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Let’s Talk About Stress!

“There are many different kinds of stress or types of overstimulation”

and each one is perceived by the body in the same way – a threat to survival that activates the fight or flight system.
Charles Gant, MD, Phd and Robert Sapolsky, PhD believe there are (at least) 12 different kinds of stress and while not all of them can be improved with reflexology, you’ll be surprised by how many of them can!

Reflexology to release stress

1. Emotional stress – this is the form of stress most people are familiar with and what comes to mind when they think of the term. This may include loss of any kind like a divorce or break up, loss of a job, loss of abilities or characteristics, depression, conflict in relationships, financial struggles, internal conflict, dysfunctional or toxic relationships, employment issues etc.
2. Cognitive stress – unrealistic demands or expectations for yourself and/or your life, trying to live up to expectations of others, keeping up with the Joneses, seeing the glass half empty, catastrophizing or awfulizing.
3. Sensory stress – chronic pain, loud noise, constant stimulation from external sources.
4. Metabolic stress – caused by various conditions and syndromes, too much exercise, pH, blood sugar, hypoglycemia.
5. Toxic stress – from environmental toxins. It includes things like heavy metal toxicity, amalgam fillings, mercury in your food, air pollution, electrosmog, pesticides, herbicides, mold mycotoxins, disinfectants, perfume, air fresheners etc.
6. Immune stress – food allergies or sensitivities, inflammation, autoimmune disorders.
7. Endocrine and neurotransmitter stress – adrenal glands, corticosteroids, thyroid disorders, hormonal imbalances, menopause, andropause, insulin, dopamine, serotonin, norepinephrine, GABA etc.
8. Purposelessness stress – Lack of meaning and purpose in life, inability to find gratitude, lack of love and empathy, loss of self.
9. Infectious stress – Candida, parasites, viruses, bacteria, Lyme I guess we can add Covid19 to the list.
10. Oxidative stress – veins and arteries, emphysema, lack of fresh air, sleep apnea, phase 1 and phase 2 detoxification.
11. Energetic stress – electromagnetic fields from cell phones, electronics etc., geopathic.
12. Structural stress – long-term postural compensations, TMJD, physical trauma, etc.

If you hold a glass full of water for a few minutes you’ll feel fine but if you try holding the same glass of water for a long period or even 24/7, you will find it impossible. The same applies to stress.

If you experience only one or two stressors in the list above, your sympathetic nervous system will deal with the situation at hand and you return to the parasympathetic state. However, the more stressors and the longer period you have to deal with in your life, the more your sympathetic nervous system is activated. When your total stress load, which is the sum of all your stressors added together, becomes too high then dysautonomia occurs.

Here’s a fly-by on the stress response:
• The Locus Ceruleus in the brainstem is the “start” button for the fight or flight system. It releases norepinephrine/noradrenaline anytime stress of any kind is detected. All of this takes place in a part of the brain called the limbic system.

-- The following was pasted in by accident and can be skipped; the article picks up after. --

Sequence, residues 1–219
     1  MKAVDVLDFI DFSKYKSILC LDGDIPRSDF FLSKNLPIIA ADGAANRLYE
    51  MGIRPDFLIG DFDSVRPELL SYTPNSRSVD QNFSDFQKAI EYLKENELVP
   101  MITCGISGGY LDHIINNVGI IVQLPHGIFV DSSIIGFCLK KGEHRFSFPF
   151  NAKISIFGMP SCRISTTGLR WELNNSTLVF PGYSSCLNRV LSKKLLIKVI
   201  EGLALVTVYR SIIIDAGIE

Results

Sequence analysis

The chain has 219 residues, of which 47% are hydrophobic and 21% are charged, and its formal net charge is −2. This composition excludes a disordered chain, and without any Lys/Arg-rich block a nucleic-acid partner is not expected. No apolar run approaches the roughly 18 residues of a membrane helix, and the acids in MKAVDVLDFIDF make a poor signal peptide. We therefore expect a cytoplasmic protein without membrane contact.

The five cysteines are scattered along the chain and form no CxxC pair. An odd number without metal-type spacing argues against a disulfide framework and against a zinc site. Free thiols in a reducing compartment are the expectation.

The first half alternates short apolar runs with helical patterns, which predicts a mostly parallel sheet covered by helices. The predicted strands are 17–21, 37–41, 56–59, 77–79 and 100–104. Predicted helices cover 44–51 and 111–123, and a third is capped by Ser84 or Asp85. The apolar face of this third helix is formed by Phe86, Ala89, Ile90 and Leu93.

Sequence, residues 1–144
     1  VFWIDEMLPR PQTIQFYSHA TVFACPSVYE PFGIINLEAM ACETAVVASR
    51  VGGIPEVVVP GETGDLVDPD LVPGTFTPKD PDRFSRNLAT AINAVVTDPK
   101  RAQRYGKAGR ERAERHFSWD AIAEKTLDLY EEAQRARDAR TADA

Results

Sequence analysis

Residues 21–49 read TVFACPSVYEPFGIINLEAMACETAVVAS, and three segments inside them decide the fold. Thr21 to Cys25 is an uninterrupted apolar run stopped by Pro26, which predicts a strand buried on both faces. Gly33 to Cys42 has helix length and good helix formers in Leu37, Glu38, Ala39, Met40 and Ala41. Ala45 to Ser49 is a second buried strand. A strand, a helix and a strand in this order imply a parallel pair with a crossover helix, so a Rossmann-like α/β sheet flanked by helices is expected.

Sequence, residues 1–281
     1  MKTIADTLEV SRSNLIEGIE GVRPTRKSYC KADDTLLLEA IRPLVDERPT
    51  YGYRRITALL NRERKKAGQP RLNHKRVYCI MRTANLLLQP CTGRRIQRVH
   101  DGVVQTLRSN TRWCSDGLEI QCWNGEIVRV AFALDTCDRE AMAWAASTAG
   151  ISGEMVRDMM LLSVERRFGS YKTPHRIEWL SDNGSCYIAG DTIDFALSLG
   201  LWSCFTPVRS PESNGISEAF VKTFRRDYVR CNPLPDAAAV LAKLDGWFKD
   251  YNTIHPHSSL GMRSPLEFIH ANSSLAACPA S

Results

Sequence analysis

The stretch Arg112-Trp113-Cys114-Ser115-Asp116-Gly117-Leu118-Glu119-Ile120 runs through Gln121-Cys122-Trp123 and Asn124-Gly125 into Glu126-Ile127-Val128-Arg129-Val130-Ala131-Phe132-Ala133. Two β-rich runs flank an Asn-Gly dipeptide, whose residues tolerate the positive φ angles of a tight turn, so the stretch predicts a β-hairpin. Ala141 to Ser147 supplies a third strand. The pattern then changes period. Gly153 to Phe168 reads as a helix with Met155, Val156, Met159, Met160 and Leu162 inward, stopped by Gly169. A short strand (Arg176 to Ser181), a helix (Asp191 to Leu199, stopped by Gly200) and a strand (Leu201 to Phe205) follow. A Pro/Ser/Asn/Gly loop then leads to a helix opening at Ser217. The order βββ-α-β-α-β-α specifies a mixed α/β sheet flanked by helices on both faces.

• This triggers the amygdala which triggers the hypothalamus. The amygdala prompts feelings of anxiety and fear.
• The hypothalamus then releases CRH, which stimulates the pituitary.
• The pituitary release ACTH to stimulate the adrenal glands.
• The adrenal glands release adrenaline and cortisol.

Although norepinephrine is crucial for our survival and proper brain function, in excess it becomes toxic.

High levels of norepinephrine in the brain result in fear, anxiety, panic attacks, insomnia and inability to relax, while adrenalin triggers the liver to dump its sugar reserves into the bloodstream.

High levels of sugar in the blood steam alert the pancreas to release high levels of insulin. High levels of insulin in the blood stream on an ongoing basis lead to many degenerative health conditions like insulin resistance, obesity, type 2 diabetes, heart disease and many more.

Getting regular reflexology treatments can help your body.

During a reflexology treatment, a person moves from the Sympathetic Nervous state to the Parasympathetic Nervous state and that’s when the body’s natural healing abilities kick in and the body begins to move closer to balance. Blood pressure reduces, cortisol levels drop, heart beat regulates and the central nervous system relaxes. The mind becomes quiet, tension in the body releases and we start to feel rejuvenated, recharged and restored.

Breathwork and deep breathing exercises are one of the most effective tools you can find for assistance in restoring balance to the autonomic nervous system. With our breath we can use our voluntary nervous system to influence our involuntary nervous system. We can turn off the sympathetic nervous system and turn on the parasympathetic simply by changing our patterns of breathing and also stimulate the feel good, relaxing alpha brain waves and neurotransmitters like endorphins, dopamine and serotonin, which is why my unique breathing exercises are a major part of my guided hand reflexology sessions.

Credit: In touch, Erik Dalton

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